A veteran member of the Liberal Party’s fundraising bastion — the 500 Club — has called on the organisation to withdraw support for WA’s Federal ministers over their lack of action on GST share and other issues.
Wealthy property businessman Julian Stawell says he believes the club has been “too cosy” with the senior Liberal politicians and needs to use its influence to agitate for more “advocacy”.
In a stinging letter to 500 Club chief executive Peter Harris, Mr Stawell referred to Julie Bishop, Michael Keenan, Christian Porter, Mathias Cormann, Ken Wyatt and Michaelia Cash as the “Canberra Six” and accused them of being “sycophantic to the Canberra establishment”.
His letter to the club, which has donated millions of dollars to the Liberal Party since forming in 1986, has been widely circulated this week to all WA Federal Liberal MPs and the business community.
“The Canberra Six need to be publicly held to account by the parliamentary leader of the WA Liberal Party as not being effective advocates for their electorates,” Mr Stawell wrote in relation to WA’s paltry share of GST.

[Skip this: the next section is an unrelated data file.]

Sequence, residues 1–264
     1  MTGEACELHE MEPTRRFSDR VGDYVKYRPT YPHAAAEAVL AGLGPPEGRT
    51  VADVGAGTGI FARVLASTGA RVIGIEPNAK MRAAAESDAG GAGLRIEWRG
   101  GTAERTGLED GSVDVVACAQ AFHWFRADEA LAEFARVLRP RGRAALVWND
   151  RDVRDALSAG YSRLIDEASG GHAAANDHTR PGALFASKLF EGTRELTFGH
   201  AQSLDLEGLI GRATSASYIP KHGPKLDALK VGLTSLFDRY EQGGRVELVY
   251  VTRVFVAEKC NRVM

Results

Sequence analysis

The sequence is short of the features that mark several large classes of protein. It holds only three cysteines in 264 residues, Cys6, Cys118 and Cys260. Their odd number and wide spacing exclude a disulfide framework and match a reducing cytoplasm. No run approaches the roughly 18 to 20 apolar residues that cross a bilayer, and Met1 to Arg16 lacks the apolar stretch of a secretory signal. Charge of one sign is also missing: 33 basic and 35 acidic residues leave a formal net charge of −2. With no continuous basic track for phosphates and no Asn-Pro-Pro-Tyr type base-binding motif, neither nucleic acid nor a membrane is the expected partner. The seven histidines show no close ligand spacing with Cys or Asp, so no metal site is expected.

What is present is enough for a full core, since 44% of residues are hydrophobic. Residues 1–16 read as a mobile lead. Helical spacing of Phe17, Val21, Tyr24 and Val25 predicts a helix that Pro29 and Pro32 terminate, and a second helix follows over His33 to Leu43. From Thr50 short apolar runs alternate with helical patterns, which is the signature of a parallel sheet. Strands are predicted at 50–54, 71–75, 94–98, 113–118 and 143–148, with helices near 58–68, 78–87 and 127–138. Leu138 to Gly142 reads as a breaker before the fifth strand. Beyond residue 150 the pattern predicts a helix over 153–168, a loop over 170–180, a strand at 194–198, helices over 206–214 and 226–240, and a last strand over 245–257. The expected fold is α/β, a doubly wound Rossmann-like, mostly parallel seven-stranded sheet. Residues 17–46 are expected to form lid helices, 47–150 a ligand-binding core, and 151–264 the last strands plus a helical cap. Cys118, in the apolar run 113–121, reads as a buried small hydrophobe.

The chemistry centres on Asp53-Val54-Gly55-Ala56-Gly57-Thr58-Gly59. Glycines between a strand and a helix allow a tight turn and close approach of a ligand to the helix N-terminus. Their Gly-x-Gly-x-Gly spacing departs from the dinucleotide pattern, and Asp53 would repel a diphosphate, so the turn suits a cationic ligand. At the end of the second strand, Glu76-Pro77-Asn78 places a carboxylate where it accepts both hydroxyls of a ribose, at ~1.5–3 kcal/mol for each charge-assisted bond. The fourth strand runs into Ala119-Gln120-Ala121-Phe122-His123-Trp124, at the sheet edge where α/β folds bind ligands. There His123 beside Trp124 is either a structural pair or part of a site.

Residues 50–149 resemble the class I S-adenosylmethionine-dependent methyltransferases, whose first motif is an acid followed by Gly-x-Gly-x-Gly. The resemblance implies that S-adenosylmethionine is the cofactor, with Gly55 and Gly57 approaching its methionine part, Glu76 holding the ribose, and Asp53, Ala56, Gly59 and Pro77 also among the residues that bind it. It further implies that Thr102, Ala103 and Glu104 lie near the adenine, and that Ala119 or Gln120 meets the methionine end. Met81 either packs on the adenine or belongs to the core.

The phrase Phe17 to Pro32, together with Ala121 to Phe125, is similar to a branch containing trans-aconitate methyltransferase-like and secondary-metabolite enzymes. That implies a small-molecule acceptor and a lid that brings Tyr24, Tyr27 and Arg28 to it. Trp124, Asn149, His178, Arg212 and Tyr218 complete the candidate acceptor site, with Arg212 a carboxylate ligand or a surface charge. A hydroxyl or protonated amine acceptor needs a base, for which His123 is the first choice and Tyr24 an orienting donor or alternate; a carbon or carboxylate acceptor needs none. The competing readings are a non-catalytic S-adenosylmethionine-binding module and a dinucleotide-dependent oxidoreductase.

“They need to stand together as one and force the issue to a head.”
He said that if they failed to effect change, the Federal ministers should resign from the frontbench to prove they put the electorate ahead of “their own lust for ministerial leather”.
“Perhaps grassroots Liberals need to get organised to effect the disendorsement of these aforementioned MPs if they do not act,” Mr Stawell said. “Will the 500 Club play a role in this?”
Mr Stawell quit the club last year in protest but rejoined this week to “push for change from within”.
He told The Weekend West that many members had contacted him in support.
“It’s been one of those organisations that’s very cosy and I think it needs people to speak up and remind the MPs they are elected to represent us and not just to become a minister,” Mr Stawell said.
“Good luck to them provided they are doing a good job for WA.
“Clearly those people have gone into their positions and kept their traps shut.”
He said the 500 Club was in a position to do more than have lunches and guest speakers.
“I think the 500 Club can agitate more,” Mr Stawell said.
“You get to the stage where you think, what do you have to do to make these people understand what needs to be done.”
The 500 Club confirmed receipt of Mr Stawell’s letter but declined to comment.